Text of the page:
Insight Blog

Initiative Prioritization (Part Two):

by David Wise

March 13, 2019 | Project, Program, Portfolio Management

In our last blog, we discussed a very simple approach to establishing Goals and Priorities. The simple approach we outlined relied heavily on the individual knowledge, ability, and instincts of a company’s leadership team to identify “Big Rock” initiatives from Ideation through Elaboration and Prioritization. In this post, we are going to discuss improvements that can be made to drive more analytical and quantitative elements into the process.





One good approach to identifying potential initiatives is to start from market data and industry analysis to form an understanding of trends/changes in the demand, technology, pricing, and delivery mechanisms that could impact your company. Once these are understood, perform a SWOT (Strengths, Weaknesses, Opportunities, and Threats) analysis to assess your company’s (and customers’) position relative to the broader trends. After completing the SWOT, highlight the key Opportunities and Threats (those that have the greatest impact and are likely to occur) and identify specific changes that are needed to address these items. This will be the list of initiatives that you carry into the Elaboration step.




Creating a lightweight Business Case for each initiative can frame the benefits, investments and risks in a consistent manner, using common inputs and assumptions.  Doing so will make “apples-to-apples” comparison of competing initiatives much easier in the Prioritization step. Ideally, every bit of analysis effort is contributing necessary intelligence to the Prioritization step. Some suggestions regarding scoping and inputs for lightweight business case construction:



Benefit Analysis: Why should this initiative be pursued? Will it generate new revenue or cost savings (or cost avoidance)? Is this initiative needed to address legal issues or regulatory compliance—if so, what is the impact of non-compliance? Is this initiative aligned with the company’s broader strategic direction?

Investment Required: What resources (money, skills, time) are required to successfully implement this initiative? How will these resources be consumed (front weighted vs back weighted vs evenly distributed)? What percentage of the costs can be capitalized? Were these costs/resources budgeted? Does this initiative make use-of or de-value other assets? What are the long term/on-going costs?

Risk Analysis: What is the confidence level of the benefit and investment analysis—what evidence or experience supports these claims? Are new vendors or technologies required? Is the business prepared for changes required-for or resulting-from the initiative? How sensitive is the initiative to shifts leadership, schedule, demand, resource availability, etc.? What affect does this initiative have on the company’s position in the market?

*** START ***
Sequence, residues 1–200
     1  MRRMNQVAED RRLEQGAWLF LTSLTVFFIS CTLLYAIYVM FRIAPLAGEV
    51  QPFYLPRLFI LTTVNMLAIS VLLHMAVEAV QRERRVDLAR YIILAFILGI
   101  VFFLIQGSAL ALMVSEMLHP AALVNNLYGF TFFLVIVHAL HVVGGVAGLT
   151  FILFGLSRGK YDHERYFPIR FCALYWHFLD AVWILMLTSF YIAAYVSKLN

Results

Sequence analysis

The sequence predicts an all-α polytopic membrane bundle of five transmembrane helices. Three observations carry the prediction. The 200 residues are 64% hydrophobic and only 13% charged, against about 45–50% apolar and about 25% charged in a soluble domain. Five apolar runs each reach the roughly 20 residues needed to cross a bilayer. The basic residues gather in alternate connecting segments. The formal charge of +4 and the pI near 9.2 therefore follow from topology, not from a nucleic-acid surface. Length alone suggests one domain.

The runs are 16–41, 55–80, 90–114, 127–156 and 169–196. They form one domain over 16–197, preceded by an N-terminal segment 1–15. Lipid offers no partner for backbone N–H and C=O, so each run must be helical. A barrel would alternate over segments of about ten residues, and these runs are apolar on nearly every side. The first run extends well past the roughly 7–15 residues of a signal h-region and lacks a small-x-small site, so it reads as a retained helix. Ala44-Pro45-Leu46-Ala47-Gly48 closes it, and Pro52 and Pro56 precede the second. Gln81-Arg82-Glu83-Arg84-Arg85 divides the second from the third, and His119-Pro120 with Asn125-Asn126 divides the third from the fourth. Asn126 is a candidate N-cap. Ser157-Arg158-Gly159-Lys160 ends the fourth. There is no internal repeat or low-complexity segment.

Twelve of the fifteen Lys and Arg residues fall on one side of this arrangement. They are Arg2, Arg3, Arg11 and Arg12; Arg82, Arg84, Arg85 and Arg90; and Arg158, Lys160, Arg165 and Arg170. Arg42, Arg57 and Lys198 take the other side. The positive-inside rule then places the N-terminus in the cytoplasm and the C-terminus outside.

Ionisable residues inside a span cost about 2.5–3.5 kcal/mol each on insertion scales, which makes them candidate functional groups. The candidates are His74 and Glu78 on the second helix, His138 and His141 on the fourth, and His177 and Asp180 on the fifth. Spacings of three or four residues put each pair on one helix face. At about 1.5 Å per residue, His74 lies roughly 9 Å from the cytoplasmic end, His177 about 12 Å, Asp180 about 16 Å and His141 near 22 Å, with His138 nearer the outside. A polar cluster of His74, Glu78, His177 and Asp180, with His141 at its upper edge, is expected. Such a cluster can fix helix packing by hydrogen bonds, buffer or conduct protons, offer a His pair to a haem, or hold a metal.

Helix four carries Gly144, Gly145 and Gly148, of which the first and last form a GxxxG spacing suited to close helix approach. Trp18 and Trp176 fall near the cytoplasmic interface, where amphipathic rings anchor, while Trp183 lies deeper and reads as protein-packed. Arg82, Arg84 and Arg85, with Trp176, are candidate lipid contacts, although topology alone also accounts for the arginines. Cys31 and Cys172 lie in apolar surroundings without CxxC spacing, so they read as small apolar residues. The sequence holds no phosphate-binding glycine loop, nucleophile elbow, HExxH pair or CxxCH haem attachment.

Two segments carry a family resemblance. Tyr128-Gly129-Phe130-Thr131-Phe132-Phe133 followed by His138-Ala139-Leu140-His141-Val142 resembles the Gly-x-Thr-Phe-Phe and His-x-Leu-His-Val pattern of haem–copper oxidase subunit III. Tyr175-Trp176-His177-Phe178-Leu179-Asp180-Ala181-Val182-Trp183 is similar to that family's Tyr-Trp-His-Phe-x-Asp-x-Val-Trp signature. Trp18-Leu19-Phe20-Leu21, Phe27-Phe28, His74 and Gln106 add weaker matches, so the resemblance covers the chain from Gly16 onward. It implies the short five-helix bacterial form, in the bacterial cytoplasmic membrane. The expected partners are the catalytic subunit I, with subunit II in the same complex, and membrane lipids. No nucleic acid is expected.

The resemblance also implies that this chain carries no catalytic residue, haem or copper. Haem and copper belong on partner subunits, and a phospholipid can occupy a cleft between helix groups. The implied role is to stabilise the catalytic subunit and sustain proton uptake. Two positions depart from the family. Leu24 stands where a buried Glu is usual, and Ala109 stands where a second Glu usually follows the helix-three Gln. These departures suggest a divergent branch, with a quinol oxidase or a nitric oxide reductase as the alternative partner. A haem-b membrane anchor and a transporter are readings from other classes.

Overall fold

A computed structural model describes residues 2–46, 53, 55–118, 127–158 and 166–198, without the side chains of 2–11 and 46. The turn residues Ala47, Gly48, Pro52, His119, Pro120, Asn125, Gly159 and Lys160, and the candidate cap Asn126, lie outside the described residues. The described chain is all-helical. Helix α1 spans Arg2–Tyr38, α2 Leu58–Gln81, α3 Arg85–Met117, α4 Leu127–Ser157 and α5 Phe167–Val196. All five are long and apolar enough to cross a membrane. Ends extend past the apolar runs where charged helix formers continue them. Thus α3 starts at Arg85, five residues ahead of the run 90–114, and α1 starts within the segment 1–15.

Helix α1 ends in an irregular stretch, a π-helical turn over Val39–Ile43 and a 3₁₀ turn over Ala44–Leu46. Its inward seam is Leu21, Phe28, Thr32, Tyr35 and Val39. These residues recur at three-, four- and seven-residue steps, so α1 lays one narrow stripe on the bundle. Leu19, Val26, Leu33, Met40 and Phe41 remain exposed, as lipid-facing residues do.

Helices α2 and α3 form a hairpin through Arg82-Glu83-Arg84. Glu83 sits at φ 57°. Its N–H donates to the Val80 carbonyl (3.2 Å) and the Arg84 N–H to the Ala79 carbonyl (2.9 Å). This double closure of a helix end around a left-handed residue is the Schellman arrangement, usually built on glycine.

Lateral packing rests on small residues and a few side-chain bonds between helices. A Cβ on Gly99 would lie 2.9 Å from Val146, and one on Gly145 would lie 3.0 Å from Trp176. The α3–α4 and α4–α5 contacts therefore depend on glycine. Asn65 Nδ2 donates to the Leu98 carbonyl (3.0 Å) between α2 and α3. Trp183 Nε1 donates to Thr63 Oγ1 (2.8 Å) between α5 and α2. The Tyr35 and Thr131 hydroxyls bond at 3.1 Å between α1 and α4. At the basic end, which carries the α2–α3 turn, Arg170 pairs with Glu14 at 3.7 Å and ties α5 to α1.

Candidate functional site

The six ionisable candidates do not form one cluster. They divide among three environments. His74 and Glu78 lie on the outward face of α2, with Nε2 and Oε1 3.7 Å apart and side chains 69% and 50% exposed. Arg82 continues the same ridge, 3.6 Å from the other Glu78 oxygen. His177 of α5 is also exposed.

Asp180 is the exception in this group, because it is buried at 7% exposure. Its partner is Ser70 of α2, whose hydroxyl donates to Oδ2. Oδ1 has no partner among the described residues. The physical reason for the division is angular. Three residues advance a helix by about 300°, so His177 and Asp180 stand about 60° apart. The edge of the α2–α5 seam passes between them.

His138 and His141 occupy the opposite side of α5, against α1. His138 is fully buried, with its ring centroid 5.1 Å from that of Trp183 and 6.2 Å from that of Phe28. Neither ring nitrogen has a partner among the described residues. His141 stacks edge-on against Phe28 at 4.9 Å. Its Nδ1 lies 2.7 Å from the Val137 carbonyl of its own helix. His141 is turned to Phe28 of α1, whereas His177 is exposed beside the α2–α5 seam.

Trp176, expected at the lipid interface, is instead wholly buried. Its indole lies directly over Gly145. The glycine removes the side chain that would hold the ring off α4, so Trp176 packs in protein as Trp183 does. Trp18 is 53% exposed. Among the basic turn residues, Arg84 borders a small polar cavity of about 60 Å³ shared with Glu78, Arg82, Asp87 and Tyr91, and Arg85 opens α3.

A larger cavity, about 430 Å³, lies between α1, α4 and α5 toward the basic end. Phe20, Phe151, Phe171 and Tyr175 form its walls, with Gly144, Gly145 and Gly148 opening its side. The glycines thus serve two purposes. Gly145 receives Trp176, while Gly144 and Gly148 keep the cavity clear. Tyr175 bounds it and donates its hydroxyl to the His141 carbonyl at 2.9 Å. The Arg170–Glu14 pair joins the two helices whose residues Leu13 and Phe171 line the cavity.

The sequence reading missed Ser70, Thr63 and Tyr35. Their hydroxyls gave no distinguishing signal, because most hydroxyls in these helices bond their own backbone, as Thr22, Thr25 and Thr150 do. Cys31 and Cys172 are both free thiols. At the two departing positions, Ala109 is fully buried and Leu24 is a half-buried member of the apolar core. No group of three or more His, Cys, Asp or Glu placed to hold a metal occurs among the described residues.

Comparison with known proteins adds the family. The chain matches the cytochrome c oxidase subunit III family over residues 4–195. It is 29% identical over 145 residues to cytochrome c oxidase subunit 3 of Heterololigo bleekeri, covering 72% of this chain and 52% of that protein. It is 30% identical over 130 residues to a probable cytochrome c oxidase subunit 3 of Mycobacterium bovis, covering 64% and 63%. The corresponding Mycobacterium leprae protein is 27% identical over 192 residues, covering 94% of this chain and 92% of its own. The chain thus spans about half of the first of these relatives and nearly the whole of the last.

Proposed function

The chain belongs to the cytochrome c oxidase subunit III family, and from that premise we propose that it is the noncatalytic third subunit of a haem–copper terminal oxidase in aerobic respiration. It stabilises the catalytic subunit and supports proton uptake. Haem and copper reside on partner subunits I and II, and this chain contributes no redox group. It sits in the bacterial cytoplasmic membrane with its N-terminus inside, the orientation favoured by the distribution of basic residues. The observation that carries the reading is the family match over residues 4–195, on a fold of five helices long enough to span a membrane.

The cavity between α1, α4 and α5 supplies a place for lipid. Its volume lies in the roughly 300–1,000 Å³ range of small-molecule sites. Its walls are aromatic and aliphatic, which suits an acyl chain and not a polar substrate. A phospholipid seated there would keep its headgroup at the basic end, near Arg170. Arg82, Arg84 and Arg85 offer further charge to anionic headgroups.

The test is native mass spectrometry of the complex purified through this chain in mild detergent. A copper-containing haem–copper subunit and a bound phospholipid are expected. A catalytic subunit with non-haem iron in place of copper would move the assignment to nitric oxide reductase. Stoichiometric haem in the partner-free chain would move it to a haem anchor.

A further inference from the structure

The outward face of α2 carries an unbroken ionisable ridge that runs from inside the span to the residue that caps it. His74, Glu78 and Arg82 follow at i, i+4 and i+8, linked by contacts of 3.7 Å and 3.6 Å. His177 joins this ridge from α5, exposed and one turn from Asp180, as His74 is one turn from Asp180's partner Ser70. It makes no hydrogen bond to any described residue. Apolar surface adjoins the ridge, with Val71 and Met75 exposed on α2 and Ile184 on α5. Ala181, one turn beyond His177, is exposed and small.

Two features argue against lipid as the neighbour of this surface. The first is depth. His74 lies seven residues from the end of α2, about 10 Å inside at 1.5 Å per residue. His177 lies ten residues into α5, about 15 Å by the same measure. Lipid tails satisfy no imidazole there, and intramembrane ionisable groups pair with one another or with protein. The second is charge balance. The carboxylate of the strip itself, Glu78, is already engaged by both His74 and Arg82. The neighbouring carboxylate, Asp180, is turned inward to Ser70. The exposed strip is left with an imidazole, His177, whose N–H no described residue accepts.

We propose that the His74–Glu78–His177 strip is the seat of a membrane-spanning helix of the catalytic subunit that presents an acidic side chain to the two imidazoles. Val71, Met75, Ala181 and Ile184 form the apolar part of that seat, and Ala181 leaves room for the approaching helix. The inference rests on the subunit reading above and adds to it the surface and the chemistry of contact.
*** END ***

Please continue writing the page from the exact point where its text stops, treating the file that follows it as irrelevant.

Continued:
Strategic Initiatives: If already defined, what are the corporate strategic initiatives?

Planning Horizon: For revenue/cost projections and NPV analysis, what time horizon should be used (note: this will likely vary based on initiative type).

Assumed Discount Rate: What discount rate should be used for calculating future costs and benefits when conducting NPV and IRR analysis?

Templates/Formulas: To simplify and drive more consistency, templates should be provided that mask the complexity of NPV & IRR analysis.


During the Ideation and Elaboration steps, each prospective initiative is analyzed in isolation from competing initiatives, on-going operations, and other in-flight activities. In the Prioritization step, the initiatives are compared to each other and viewed in the context of other business activities. This contextual analysis is the reason why Prioritization is not simply a stack rank of the initiatives based on their IRR or NPV metrics. The identification of the most lucrative initiatives (based on IRR and NPV) is a useful input, but that is only where Prioritization efforts begin. Once those high-value initiatives are identified, consideration needs to be given to other factors such as:

  • The capacity constraints and scalability of the individual resources needed for the project
  • The magnitude of change in any single area and the company’s, supplier’s, and customer’s readiness to absorb this level of change
  • Funding availability
  • The risk profile of the initiative
  • Dependencies or predecessor activities
  • The business case sensitivity to a deferred timeline

Therefore, the goal of the Prioritization step is to maximize the value that can be delivered to the company given its current needs and resource constraints at a managed risk-level. This generally is a negotiation that requires the insights and buy-in of all departments/teams involved in enabling, receiving, and supporting the changes that the initiative will deliver.

Although we are presenting Prioritization as the third step in a sequence, the best practice is to review and groom in-flight and new initiatives’ prioritization on a regular, recurring basis. The results of the Prioritization activity should be shared across the organization and, to the degree possible, with vendor partners. Doing so will make it possible for all teams to maintain focus on the most critical initiatives even as business and market conditions evolve.


The final output will be a prioritized set of initiatives—each designed around a specific business need and prioritized based on benefit, investment and risk. Unlike the “Simple Approach” in our last blog, the activities in Ideation/Analysis/Prioritization steps above do not rely on the knowledge of a few leaders and can be delegated to a broader set of team members. This means that the process described above is scalable and can be expanded beyond “Big Rock” initiatives and may be broadly applied to all proposed initiatives.

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